Over 4.6 million school-aged children have been diagnosed with some kind of a learning disability.
But when your child is one of those millions, it can feel like your world has turned completely upside-down. Perhaps you know that something isn’t quite right with your child’s learning and processing abilities, but you’re struggling to get the correct diagnoses.
If you suspect that your child may have an executive functioning disorder, we know that you want answers.
In this post, we’ll define these disorders, discuss the common symptoms, and let you know how you can help them.
What Is An Executive Functioning Disorder?
Before we get into some of the most common signs of an executive functioning disorder (EFD,) let’s first make sure you’re clear on what it is.
In a nutshell, it’s when a child has a hard time meeting “deadlines,” being on time, making and keeping plans, multitasking, and even with more basic organizational skills.
For example, a child with an EFD might struggle to finish a test or complete an assignment on time. They may frequently lose or leave their homework elsewhere, or they may even struggle to take proper notes during class.
Essentially, children with EFD have difficulty understanding both how much time it takes to complete a task and the steps that need to be taken in order to get it done. They will likely also face challenges when it comes to adapting to changes in plans, or thinking on their feet.
If your child has another learning disability, like ADHD or dyslexia, then they may be more likely to have an EFD.
While there has not yet been an accepted cause of EFDs, many learning professionals and scientists believe that these issues may be hereditary. There may also be developmental issues in the prefrontal cortex of your child’s brain.
Now, let’s take a look at some of the most common symptoms of an executive functioning disorder.
1. An Inability To Multitask
Do you notice that your child struggles to do more than one thing at once?
Do they begin one activity, only to abandon it without completion in favor of another?
Do they often forget the first part of instructions, or seem to struggle to focus when there’s too much going on?
If so, they may struggle with an EFD.
2. Struggles To Make Choices
While problems with decision-making skills are common in most children, those with an EFD will seriously struggle to definitely choose one thing or another.
They may say that they want to do one activity, only to change their minds again two minutes later. When faced with a choice, they may become deeply angry or sad, and perhaps even deal with feelings of guilt.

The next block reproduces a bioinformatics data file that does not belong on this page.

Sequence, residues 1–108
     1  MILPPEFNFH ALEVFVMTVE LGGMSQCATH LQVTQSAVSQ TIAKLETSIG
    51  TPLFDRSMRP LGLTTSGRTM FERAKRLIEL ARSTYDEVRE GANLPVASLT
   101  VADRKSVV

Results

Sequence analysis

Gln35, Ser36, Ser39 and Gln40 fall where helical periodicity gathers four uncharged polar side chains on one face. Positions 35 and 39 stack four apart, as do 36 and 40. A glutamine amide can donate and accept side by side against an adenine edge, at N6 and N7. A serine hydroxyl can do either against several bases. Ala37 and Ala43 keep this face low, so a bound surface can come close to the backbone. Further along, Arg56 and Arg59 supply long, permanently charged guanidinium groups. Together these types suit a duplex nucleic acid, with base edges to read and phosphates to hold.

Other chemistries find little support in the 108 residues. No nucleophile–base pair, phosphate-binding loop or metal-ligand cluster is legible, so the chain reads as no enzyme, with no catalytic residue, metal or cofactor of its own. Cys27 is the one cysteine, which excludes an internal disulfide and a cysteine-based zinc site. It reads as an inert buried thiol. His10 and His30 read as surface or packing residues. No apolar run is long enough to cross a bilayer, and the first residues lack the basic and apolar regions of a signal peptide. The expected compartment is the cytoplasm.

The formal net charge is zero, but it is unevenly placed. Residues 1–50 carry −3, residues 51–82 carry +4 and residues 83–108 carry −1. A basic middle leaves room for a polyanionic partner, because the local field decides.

Other times, you may notice that your child seems to “do nothing” when faced with the possibility of having to make a firm decision.
3. Loses Track Of Time
If you’re often filled with anxiety because your child is late, or even filled with frustration because they just can’t seem to manage your time?
Then your child may have an EFD.
Your child will likely also struggle to remember their own schedule, and may become confused about the length of tasks or even where they’re supposed to be at a certain time.
You may find that your child’s concept of time is markedly different than most children’s. They may seem to have trouble understanding the difference between ten minutes and an hour, or that tasks take them much longer to complete than is normal.
4. Frequently Forgets Schoolbooks And Work
Do you feel like you spend half of your time transporting forgotten books and assignments to your child’s school?
Even if you remind your child to put something in their bag the night before and the morning of, do you still find they forget it?
Has your child forgotten about a book report or another assignment altogether, or seems to always wait until the night before it’s due to start it?
If so, then they may have an executive functioning disorder.
5. They Have Trouble Explaining Things
Maybe you’ve tried to talk to your child about some of the symptoms we’ve described — but you’ve noticed that they can’t express themselves well.
It’s not that your child is unintelligent — it’s just that sometimes, it seems as though they struggle to process their emotions and put things into words.
They may even have a hard time speaking clearly.
They may often end a discussion in the middle of a sentence without seeming to realize it, or they may withdraw into themselves in silence for a long period of time.
6. They Get Lost
This is a symptom that usually appears in older children, especially when they’re old enough to be out on their own.
You may notice that your child seriously struggles to remember how to get to even familiar places, like your home or their school. They may often call you asking for help with directions, and they may have challenges understanding the directions you give them or even reading maps.
How Can You Help Your Child?
If any of these symptoms sound familiar, then we strongly suggest making an appointment with a learning specialist to determine whether or not your child has an executive functioning disorder.
We know that, as a parent, you’re willing to do anything and everything that it takes to help your child succeed and feel confident in themselves.
Meeting with one of our specialists might be the answer you’re looking for in regards to executive functioning disorder.
We’ll help your child to stay on task, strengthen their language skills, find new ways to communicate with them that benefit their unique needs, and much more.
Get in touch with us today to schedule a free consultation, and put your child on the road to success and happiness.